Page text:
November 12, 2013 : By Drew Menard
|Five members of Liberty University's Cyber Defense Club posted top scores in the National Cyber League Fall Season competition: (from left) Jeremiah Brown, Hannah Kirse, Brandon Kreisel, Matt Johnson, and Josh Eto.|
Liberty University’s Cyber Defense Club had an outstanding showing at the National Cyber League Fall Season competition, claiming the top three spots in the Gold Bracket out of 945 participants. Students competed in the tournament Oct 19 and 26, from their respective campuses. The results were recently released.
Brandon Kreisel took first place overall, with Hannah Kirse winning second, Jeremiah Brown finishing third, and Joshua Eto placing 10th for Liberty. Matt Johnson posted a top 10-caliber score but was ineligible for competition because he did not participate in a previous ranking exercise. All five students are seniors.
The competition drew competitors from more than 100 institutions across the nation, including James Madison University, Radford University, North Carolina State University, San Diego State University, Texas A&M, and West Virginia University.
The weekend before the competition, the teams took part in a preliminary ranking exercise, in which several of Liberty’s competitors, including Kreisel, Kirse, Brown, and Eto, were placed in the Gold Bracket, the highest level for the NCL.
In the competition, students attempted to obtain various pieces of information by hacking specially configured computers.
Dr. Mark Shaneck, associate professor of computer science and the club’s mentor, said learning attack methods helps students to become better defenders.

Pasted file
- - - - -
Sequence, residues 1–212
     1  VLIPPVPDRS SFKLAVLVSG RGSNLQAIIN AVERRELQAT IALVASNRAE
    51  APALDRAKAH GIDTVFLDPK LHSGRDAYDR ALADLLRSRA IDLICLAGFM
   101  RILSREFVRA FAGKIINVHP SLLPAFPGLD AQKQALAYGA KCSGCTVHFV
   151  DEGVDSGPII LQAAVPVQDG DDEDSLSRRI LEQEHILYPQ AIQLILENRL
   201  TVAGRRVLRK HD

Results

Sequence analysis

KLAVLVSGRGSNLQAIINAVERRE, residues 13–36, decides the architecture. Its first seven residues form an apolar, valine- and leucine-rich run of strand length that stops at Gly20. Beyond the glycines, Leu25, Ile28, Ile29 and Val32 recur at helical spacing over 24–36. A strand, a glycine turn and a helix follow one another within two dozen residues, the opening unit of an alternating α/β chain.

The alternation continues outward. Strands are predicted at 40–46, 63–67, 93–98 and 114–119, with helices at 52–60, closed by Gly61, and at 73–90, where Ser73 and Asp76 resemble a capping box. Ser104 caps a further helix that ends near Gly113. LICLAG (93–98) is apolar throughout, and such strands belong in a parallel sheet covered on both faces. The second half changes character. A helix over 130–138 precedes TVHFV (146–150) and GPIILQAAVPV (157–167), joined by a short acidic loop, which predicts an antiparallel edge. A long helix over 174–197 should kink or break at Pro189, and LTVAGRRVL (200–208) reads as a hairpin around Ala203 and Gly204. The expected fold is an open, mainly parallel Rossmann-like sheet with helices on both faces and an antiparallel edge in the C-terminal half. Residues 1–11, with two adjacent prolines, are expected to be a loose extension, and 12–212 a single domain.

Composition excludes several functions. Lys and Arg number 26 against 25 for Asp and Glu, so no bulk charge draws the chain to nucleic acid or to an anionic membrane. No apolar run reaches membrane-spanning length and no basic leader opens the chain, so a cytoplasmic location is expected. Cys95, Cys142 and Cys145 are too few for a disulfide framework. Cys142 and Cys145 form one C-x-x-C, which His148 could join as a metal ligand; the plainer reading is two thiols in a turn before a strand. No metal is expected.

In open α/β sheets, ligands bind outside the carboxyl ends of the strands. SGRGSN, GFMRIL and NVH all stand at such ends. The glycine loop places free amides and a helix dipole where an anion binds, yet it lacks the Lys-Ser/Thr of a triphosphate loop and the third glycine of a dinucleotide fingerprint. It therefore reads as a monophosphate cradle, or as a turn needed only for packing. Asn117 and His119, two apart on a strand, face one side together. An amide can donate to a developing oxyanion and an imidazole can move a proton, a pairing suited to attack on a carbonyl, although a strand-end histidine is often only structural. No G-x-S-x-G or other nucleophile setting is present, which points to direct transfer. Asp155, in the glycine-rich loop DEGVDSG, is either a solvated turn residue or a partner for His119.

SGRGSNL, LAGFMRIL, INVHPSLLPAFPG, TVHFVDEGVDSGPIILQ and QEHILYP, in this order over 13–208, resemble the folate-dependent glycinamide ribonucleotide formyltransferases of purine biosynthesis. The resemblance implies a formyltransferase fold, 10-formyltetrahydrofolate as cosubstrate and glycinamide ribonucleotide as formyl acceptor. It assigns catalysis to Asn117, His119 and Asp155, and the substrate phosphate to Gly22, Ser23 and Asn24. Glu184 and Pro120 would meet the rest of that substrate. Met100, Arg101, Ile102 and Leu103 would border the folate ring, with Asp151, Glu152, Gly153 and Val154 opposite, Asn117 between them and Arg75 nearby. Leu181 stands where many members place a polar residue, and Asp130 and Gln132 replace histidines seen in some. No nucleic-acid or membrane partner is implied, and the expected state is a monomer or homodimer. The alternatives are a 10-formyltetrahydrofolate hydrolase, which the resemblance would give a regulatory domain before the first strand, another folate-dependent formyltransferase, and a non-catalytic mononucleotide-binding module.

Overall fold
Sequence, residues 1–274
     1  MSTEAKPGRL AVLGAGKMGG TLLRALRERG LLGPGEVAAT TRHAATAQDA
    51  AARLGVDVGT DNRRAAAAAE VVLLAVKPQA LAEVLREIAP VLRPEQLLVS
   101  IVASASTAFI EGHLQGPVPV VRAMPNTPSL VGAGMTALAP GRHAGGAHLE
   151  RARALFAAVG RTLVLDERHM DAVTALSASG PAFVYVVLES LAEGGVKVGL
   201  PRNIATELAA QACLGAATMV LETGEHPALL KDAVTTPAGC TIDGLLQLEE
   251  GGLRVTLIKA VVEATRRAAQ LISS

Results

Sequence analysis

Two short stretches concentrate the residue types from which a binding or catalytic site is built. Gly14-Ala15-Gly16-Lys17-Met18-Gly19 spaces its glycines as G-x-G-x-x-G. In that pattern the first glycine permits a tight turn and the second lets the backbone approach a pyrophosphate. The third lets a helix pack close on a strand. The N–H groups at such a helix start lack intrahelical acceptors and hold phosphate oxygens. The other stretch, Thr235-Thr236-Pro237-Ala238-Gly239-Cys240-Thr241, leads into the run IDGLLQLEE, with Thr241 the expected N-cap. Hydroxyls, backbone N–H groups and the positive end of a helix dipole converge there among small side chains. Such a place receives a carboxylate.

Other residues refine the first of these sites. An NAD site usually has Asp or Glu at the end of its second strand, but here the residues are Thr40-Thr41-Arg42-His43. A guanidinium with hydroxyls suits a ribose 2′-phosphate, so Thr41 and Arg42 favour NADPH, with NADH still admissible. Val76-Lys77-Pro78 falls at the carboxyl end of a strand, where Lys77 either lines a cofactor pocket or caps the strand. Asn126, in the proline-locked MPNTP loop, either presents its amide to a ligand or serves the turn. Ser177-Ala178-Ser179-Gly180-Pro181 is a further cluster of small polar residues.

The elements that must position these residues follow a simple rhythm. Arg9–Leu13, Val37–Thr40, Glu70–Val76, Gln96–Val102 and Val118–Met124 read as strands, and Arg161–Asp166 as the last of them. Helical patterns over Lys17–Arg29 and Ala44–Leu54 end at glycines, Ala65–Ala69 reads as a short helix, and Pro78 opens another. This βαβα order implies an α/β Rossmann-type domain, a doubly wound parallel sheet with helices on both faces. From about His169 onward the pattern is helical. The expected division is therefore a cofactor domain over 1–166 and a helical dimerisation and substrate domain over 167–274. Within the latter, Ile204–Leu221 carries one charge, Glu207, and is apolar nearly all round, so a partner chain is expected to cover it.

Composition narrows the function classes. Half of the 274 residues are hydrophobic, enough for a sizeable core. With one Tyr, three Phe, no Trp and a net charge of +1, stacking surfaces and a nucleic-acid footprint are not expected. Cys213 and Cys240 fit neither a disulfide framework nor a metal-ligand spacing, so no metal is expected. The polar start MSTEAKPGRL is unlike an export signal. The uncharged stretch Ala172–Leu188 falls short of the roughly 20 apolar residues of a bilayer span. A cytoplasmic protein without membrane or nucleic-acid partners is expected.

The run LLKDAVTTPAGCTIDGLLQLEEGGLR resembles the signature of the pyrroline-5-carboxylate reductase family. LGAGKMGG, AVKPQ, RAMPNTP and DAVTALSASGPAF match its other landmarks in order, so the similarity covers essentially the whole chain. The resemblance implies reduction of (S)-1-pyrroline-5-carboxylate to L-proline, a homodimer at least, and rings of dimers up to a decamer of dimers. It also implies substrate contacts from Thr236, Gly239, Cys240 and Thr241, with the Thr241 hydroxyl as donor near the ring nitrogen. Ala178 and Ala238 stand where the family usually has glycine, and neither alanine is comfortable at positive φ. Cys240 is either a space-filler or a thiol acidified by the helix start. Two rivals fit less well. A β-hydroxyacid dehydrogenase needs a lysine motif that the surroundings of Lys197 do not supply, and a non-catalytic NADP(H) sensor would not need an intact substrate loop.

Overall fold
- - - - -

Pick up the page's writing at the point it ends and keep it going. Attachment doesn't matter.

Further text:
“There is a severe need for cyber defense skills,” he said. “There are many job opportunities. With all the cyberattacks going on — data breaches, password breaches — it is a really hot field right now. Everyone has a responsibility to keep their own networks secure and safe both to protect the people using it and to protect their data.”
He said the Christian principles Liberty emphasizes helps students develop a strong ethic, which is very important in a field where it is critical to obtain permission documents before accessing specific data.
“The line between doing your job and breaking the law can be as fine as a piece of paper,” Shaneck said.
Shaneck added that the students’ performance was noticed by the competition sponsors, many of whom were scouting potential employees.
He said Liberty’s success in the competition shows the level of rigor and instruction of the School of Engineering & Computational Sciences.
“It is great to help bolster the reputation of the university in the technical fields.”